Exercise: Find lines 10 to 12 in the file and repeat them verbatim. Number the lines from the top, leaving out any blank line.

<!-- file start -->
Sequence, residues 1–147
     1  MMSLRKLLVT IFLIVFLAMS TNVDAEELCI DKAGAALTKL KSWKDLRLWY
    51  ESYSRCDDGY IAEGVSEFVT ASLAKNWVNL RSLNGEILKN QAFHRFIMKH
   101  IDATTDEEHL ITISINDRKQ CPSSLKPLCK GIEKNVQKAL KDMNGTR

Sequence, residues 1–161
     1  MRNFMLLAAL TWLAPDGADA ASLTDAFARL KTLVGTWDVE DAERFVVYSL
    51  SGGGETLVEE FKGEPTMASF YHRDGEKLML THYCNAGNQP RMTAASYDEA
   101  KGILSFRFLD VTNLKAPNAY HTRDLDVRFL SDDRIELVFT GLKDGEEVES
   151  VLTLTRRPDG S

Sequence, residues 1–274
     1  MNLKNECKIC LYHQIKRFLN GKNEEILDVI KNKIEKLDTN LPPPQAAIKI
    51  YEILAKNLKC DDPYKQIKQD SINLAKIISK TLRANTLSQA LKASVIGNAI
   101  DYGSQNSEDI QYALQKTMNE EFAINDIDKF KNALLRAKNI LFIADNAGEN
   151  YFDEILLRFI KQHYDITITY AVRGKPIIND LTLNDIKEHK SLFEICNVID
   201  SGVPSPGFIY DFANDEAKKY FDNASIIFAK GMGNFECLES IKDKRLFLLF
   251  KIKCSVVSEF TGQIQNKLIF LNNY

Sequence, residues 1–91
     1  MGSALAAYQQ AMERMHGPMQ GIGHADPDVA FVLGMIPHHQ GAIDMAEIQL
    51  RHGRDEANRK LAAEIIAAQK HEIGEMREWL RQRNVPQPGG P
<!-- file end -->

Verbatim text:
Sequence, residues 1–274
     1  MNLKNECKIC LYHQIKRFLN GKNEEILDVI KNKIEKLDTN LPPPQAAIKI
    51  YEILAKNLKC DDPYKQIKQD SINLAKIISK TLRANTLSQA LKASVIGNAI